Darby was born in Henderson, Kentucky. He moved to St. Louis with his family when he was a child. His mother taught him to play the guitar. He served some time for selling moonshine. In 1926 he lost his eyesight because of glaucoma.
He recorded from 1929 until 1937 under the names Blind Teddy Darby, Blind Darby, Blind Blues Darby and Blind Squire Turner for Paramount, Victor, Bluebird, Vocalion and Decca. In 1960 he was "rediscovered" and recorded by Pete Welding of Testament Records, but the recordings from this session were never released.
Darby was a friend of the blues musician Peetie Wheatstraw. On December 21, 1941, Wheatstraw's 39th birthday, Darby was invited to go for a drive with Wheatstraw and two others, but Darby's wife objected, and he declined the invitation. Wheatstraw and his two companions were killed when their car struck a standing freight train.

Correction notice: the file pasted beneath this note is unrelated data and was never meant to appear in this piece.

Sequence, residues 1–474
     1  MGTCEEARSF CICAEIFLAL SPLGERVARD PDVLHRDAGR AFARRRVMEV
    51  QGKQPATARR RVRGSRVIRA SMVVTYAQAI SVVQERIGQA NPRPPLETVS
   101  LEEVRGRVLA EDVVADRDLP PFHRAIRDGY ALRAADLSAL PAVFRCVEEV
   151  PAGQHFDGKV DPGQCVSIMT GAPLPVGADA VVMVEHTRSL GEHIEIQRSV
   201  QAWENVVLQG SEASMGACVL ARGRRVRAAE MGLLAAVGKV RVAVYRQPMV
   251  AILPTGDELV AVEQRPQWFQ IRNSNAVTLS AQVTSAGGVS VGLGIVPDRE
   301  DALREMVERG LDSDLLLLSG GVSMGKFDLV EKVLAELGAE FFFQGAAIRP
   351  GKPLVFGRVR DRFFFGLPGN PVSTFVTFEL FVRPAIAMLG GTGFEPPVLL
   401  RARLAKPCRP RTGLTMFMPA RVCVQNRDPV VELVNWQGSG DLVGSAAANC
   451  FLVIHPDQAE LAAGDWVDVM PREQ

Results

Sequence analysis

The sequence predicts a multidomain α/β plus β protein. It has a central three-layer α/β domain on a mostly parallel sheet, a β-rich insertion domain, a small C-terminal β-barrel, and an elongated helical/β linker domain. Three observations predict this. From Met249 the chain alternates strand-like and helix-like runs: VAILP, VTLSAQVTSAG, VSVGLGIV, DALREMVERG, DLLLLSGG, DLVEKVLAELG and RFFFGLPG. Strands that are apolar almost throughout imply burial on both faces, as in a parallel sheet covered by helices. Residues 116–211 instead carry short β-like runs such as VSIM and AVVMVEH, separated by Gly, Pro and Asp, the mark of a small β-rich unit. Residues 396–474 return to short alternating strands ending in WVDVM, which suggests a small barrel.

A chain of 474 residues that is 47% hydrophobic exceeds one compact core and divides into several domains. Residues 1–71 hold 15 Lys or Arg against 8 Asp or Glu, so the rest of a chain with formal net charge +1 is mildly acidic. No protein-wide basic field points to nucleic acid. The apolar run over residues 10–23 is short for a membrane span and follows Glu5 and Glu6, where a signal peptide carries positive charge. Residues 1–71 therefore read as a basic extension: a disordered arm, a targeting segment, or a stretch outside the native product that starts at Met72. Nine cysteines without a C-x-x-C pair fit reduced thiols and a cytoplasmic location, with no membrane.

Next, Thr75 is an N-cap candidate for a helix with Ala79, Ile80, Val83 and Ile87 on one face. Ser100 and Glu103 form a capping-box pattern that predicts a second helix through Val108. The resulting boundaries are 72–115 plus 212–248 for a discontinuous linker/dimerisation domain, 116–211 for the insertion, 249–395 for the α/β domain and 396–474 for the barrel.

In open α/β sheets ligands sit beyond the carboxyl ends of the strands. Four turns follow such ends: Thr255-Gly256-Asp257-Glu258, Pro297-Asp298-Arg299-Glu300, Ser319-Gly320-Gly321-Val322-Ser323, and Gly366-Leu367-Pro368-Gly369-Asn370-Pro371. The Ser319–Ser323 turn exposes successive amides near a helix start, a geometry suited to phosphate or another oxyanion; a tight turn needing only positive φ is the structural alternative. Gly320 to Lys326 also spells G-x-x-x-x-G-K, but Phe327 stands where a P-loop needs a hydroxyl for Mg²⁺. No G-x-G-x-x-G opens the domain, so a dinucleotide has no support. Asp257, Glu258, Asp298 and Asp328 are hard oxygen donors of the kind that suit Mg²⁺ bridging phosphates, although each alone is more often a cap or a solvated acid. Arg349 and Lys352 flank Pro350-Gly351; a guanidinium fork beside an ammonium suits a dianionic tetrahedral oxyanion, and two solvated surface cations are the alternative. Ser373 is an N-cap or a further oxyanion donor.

In the late 1930s he gave up the blues and became an ordained deacon.
His song "Built Right on the Ground" has been covered (under the title of "I Never Cried"), from the 1970s onwards, by John Miller (who first changed the title), Roy Book Binder, Howard Bursen, and Phil Heywood.
- St. Louis Country Blues (Earl Archives, 1984)
- Bootleggin' Ain't Good No More (Blue Planet, 1993)
- Complete Recorded Works In Chronological Order (Document, 1993)
- Eder, Bruce. "Blind Teddy Darby: Biography". Allmusic.com. Retrieved September 1, 2011.
- Barlow, William (1989). "Looking Up At Down": The Emergence of Blues Culture, pp. 267–268. Philadelphia: Temple University Press. ISBN 0-87722-583-4.
- Garon, Paul (1971). The Devil's Son-in-Law: The Story of Peetie Wheatstraw and His Songs. Studio Vista. p. 7. ASIN B008B1TAME. Reissue ISBN 978-0882862668.
|This article about a blues musician from the United States is a stub. You can help Wikipedia by expanding it.|